So here it is. My last day in the Czech Republic. As always with traveling (and life in general), it feels like I just got here! But soon enough it will be back to school, abundant with readings and research papers. Luckily for me, I get a whole week to move into a new apartment and settle in before its back to the daily grind!
My time here has been, well, different than I anticipated. I have become kind of a rogue Peace Fellow. Unlike my fellow Peace Fellows, I really did not have a community based organization. As you can see in my previous blogs, I did not do a lot with Dženo, especially since Ivan closed the office in the end of July. Instead, I have been focusing my energies on learning about Roma issues, interviewing activists, and working with the group of women in Mimoň to create an advocacy quilt.
Yesterday was my last visit to Mimoň. It was so wonderful to see the completed panels the women made, many with no experience whatsoever in embroidery. They put a lot of thought and effort into creating pieces which showcase the normalcy of their lives, but still including the underlying current of intense discrimination they are faced with everyday.
I got to say goodbye to all of the women except for Leona, who has been in and out of the doctor’s office with her one year old daughter. The poor thing has been quite sick. However, the other five women who have been working on the quilt were all present for the final presentation of the panels.
I am finding it hard to find the words to truly express the impact these women have had on me. My experience as a Peace Fellow would have been infinitely less rewarding if I had not found this group of women to work with. Initially we had about fifteen women lined up to work on the quilt, but as time passed, the number dwindled to only six. These six women were the only ones brave enough to take the chance to give up some of their time and try to make a difference.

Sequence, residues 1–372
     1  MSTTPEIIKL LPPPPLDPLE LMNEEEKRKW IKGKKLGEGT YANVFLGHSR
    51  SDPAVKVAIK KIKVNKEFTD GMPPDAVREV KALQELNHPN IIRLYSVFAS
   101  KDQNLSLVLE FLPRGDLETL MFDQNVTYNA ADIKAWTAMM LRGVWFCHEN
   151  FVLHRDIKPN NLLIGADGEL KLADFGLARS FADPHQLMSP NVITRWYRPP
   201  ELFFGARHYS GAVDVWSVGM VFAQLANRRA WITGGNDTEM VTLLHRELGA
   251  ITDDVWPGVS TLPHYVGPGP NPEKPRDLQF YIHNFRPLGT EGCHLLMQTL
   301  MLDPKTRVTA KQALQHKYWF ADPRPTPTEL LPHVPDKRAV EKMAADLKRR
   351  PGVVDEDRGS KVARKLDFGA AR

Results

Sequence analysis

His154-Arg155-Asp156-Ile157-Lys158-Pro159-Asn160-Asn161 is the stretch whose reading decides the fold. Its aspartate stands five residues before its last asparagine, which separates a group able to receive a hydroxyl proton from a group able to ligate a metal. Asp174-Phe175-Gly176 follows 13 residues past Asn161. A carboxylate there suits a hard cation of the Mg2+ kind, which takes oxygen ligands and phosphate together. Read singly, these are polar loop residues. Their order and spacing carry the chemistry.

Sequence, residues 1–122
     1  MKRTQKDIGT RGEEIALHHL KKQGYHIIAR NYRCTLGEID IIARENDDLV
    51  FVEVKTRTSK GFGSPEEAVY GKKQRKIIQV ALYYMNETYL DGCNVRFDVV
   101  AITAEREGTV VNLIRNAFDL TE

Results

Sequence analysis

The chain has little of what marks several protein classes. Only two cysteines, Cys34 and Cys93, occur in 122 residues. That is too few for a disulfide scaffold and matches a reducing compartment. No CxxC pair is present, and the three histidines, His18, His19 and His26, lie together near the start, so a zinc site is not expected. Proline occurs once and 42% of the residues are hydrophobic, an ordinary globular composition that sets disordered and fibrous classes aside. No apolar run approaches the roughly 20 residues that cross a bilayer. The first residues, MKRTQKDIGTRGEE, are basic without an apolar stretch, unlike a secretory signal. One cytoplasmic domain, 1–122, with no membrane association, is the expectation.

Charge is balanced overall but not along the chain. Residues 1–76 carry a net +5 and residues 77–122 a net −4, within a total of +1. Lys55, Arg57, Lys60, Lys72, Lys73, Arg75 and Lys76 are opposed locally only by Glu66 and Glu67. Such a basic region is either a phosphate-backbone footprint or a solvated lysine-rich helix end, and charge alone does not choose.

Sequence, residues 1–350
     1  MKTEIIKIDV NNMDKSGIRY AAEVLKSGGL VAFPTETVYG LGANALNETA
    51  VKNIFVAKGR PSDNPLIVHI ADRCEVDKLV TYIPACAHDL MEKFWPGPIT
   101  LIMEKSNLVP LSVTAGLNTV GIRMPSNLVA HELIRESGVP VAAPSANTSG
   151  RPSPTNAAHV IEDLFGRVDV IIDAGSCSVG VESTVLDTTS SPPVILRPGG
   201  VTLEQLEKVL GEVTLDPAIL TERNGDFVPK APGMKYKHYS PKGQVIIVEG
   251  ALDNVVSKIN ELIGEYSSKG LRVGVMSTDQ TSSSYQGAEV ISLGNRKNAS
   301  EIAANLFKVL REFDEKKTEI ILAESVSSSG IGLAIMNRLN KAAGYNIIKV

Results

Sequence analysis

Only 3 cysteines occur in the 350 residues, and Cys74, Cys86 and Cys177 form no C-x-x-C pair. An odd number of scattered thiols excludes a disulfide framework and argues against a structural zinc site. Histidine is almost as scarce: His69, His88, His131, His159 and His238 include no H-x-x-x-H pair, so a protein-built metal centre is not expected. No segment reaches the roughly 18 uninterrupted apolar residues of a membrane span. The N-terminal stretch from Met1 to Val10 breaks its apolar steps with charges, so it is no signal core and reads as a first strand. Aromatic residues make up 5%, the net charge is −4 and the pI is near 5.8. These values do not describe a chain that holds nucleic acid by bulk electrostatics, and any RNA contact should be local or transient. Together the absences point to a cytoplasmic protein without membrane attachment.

Their enthusiasm has kept my spirits high, and gives me so much hope for their futures. Emilie, our translator and newlywed, is already talking about expanding the project into Macedonia, where her husband is from. She told me how empowered she felt by being able to tell her story. The women in Macedonia, she told me, have even harder lives, and their empowerment could be even greater.
After an exchanging of gifts for our final visit with each other, it was time to say goodbye to these wonderful ladies. Many hugs, kisses, and thank yous were exchanged and promises to stay in touch were made. When it came time for me to walk down to the bus stop and take the final long trip back to Prague, Renata walked me to the bus station.
She made sure I got on my bus, and waved me off as the bus pulled away. I will truly miss these women, and I am so grateful for this experience to work with the people policy affects on the ground. I hope that one day they can see the fruit of their labors, and I am so excited to see how both similar and different their stories are from the women in France and in Kosovo.
Thank you to everyone who has been reading this summer. I hope to come back and give everyone an update complete with pictures once we complete the quilt in full. Until then, Na shledanou!
Posted By Beth Wofford
Posted Aug 18th, 2011